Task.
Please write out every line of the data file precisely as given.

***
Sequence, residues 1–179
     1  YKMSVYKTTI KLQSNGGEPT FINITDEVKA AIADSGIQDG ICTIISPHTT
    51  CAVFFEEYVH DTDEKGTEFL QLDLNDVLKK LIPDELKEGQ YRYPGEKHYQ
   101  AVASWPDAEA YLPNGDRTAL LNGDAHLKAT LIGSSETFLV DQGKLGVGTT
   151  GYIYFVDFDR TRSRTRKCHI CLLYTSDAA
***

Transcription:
Sequence, residues 1–179
     1  YKMSVYKTTI KLQSNGGEPT FINITDEVKA AIADSGIQDG ICTIISPHTT
    51  CAVFFEEYVH DTDEKGTEFL QLDLNDVLKK LIPDELKEGQ YRYPGEKHYQ
   101  AVASWPDAEA YLPNGDRTAL LNGDAHLKAT LIGSSETFLV DQGKLGVGTT
   151  GYIYFVDFDR TRSRTRKCHI CLLYTSDAA